W. E. Johns

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William Earl Johns
Born(1893-02-05)5 February 1893
Bengeo, Hertford, United Kingdom
Died21 June 1968(1968-06-21) (aged 75)
London Borough of Richmond upon Thames, United Kingdom
Pen nameCaptain W. E. Johns
OccupationAviator, author, editor
GenreAdventure fiction, war fiction, science fiction
SpouseMaude Penelope Hunt (m. 1914)
PartnerDoris May Leigh
ChildrenWilliam Earl Carmichael Johns (1916–1954)[1]

William Earl Johns (5 February 1893 – 21 June 1968) was an English First World War pilot, and writer of adventure stories, usually written under the pen name Capt. W. E. Johns: best known for creating the fictional air-adventurer Biggles.

Early life[edit]

Johns was born in Bengeo, Hertford, England, the son of Richard Eastman Johns, a fabric tailor, and Elizabeth Johns (née Earl), the daughter of a master butcher. A younger brother, Russell Ernest Johns, was born on 24 October 1895. Johns' early ambition was to be a soldier and he was a crack shot with a rifle.[citation needed] From January 1905, he attended Hertford Grammar School.[2] He also attended evening classes at the local art school.

Johns was not a natural scholar. He included some of his experiences at this school in his book Biggles Goes to School (1951). In the summer of 1907, he was apprenticed to a county municipal surveyor for four years and in 1912 was appointed as a sanitary inspector in Swaffham in Norfolk. Soon afterwards, his father died of tuberculosis at the age of 47. On 6 October 1914, Johns married Maude Penelope Hunt (1882–1961), the daughter of the Rev. John Hunt, vicar of Little Dunham, Norfolk.[2] Their only son, William Earl Carmichael Johns, was born in March 1916.

Military career and the First World War[edit]

In 1913, while living in Swaffham, and working as a sanitary inspector, Johns enlisted in the Territorial Army as a trooper in the King's Own Royal Regiment (Norfolk Yeomanry). The regiment was mobilised in August 1914, and was sent overseas in September 1915, embarking on RMS Olympic. The Norfolk Yeomanry fought (as infantry) at Gallipoli until December when they were withdrawn to Egypt. In September 1916, Johns transferred to the Machine Gun Corps. While serving on the Macedonian front in Greece he was hospitalised with malaria. After recovering, he was commissioned into the Royal Flying Corps (RFC) in September 1917 as a temporary second lieutenant[3] and posted back to England for flight training.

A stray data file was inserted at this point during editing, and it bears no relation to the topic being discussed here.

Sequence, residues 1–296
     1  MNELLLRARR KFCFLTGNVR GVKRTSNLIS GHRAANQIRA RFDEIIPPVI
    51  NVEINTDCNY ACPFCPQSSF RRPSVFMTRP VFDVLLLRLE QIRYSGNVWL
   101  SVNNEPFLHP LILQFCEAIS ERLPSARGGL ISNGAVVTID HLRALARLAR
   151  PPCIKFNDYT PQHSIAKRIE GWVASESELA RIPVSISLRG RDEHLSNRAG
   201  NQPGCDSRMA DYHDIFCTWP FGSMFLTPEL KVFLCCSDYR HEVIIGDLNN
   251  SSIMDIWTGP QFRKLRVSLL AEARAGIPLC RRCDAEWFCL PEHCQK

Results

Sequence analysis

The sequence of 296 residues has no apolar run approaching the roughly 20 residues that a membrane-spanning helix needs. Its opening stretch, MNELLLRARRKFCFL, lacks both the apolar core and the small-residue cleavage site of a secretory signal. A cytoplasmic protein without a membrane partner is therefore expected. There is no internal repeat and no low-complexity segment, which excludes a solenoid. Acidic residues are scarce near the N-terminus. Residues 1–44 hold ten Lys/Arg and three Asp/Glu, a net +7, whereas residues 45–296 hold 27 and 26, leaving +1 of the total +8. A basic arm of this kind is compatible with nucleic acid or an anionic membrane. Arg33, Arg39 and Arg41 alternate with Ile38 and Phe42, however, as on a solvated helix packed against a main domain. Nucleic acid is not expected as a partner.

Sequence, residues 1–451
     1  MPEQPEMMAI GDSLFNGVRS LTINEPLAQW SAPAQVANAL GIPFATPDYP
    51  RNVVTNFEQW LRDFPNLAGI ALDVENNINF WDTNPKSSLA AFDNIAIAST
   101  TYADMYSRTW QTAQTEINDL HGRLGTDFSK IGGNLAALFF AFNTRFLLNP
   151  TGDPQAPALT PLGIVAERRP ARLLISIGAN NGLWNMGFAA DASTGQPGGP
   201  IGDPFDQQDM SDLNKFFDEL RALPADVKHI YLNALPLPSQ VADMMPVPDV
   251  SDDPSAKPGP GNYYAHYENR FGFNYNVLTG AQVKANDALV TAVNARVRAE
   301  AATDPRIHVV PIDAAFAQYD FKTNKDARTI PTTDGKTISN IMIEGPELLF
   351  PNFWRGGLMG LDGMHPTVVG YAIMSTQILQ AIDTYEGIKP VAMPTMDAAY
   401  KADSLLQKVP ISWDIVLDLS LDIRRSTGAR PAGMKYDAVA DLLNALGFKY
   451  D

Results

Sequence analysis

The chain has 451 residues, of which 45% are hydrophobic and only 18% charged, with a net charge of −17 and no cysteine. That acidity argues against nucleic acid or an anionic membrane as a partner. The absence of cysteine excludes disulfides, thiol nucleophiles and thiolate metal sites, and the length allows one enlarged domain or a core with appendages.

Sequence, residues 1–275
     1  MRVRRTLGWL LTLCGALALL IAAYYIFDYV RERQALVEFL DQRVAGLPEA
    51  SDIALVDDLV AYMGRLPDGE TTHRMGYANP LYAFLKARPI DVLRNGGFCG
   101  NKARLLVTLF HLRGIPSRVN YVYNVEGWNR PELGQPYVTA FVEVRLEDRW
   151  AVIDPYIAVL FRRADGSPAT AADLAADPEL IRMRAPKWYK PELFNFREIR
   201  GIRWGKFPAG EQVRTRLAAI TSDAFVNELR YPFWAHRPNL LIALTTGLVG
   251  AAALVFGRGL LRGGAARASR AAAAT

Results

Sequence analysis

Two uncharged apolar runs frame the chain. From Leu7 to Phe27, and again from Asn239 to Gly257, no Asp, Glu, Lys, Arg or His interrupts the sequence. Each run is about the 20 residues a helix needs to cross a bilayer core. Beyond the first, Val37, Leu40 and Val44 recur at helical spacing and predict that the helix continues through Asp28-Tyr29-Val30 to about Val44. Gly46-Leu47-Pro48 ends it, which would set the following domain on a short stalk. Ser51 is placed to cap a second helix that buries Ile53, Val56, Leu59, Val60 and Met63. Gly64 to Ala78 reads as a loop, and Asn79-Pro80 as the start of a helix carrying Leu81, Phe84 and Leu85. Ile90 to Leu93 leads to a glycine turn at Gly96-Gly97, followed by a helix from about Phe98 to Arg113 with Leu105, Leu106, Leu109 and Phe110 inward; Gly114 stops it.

Johns undertook his initial flying training at the short-lived airfield at Coley Park in Reading, flying the Farman MF.11 Shorthorn aircraft. He was then posted to No.25 Flying Training School at Thetford in Norfolk, closer to where his wife Maude and son Jack were living.[4]

On 1 April 1918, Johns was appointed flying instructor at Marske Aerodrome in Yorkshire. The aircraft of the time were very unreliable and he wrote off three planes in three days through engine failure – crashing into the sea, then the sand, and then through a fellow officer's back door. Later, he was caught in fog over the Tees, missed Hartlepool and narrowly escaped flying into a cliff. Shooting one's own propeller off with a forward-mounted machine-gun with malfunctioning synchronisation was a fairly common accident, and it happened to Johns twice. The commanding officer at Marske was a Major Champion, known as 'Gimlet', a name used later by Johns for the hero of a series of stories.

During this time Johns's probationary commission was confirmed.[5] He continued to serve as a flying instructor until August 1918, when he transferred to No. 55 Squadron RAF, at the time part of the Independent Air Force, a section of the Royal Air Force that had been formed for the purpose of bombing targets deep inside Germany. Casualties in the Independent Air Force were high and Johns' career flying strategic bombing missions was characteristically short, lasting only six weeks. On 16 September 1918, he was piloting one of six DH.4s on their way to bomb Mannheim when his aircraft was hit by anti-aircraft fire and he was forced to drop out of formation. He jettisoned his single 250-pound (110 kg) bomb and turned for home, but was attacked by a number of Fokker D.VII fighters. During a lengthy but one-sided battle, Johns' observer and rear-gunner, Second Lieutenant Alfred Edward Amey, was badly wounded and the aircraft shot down. The victory was credited to Georg Weiner, the commander of Jagdstaffel 3.[6] Johns and Amey were taken prisoner by German troops: Johns received a leg wound during the battle and was slightly injured in the crash, but Amey died of his injuries later that day.[6][7][Note 1] Johns remained a prisoner of war until after the Armistice of 11 November 1918.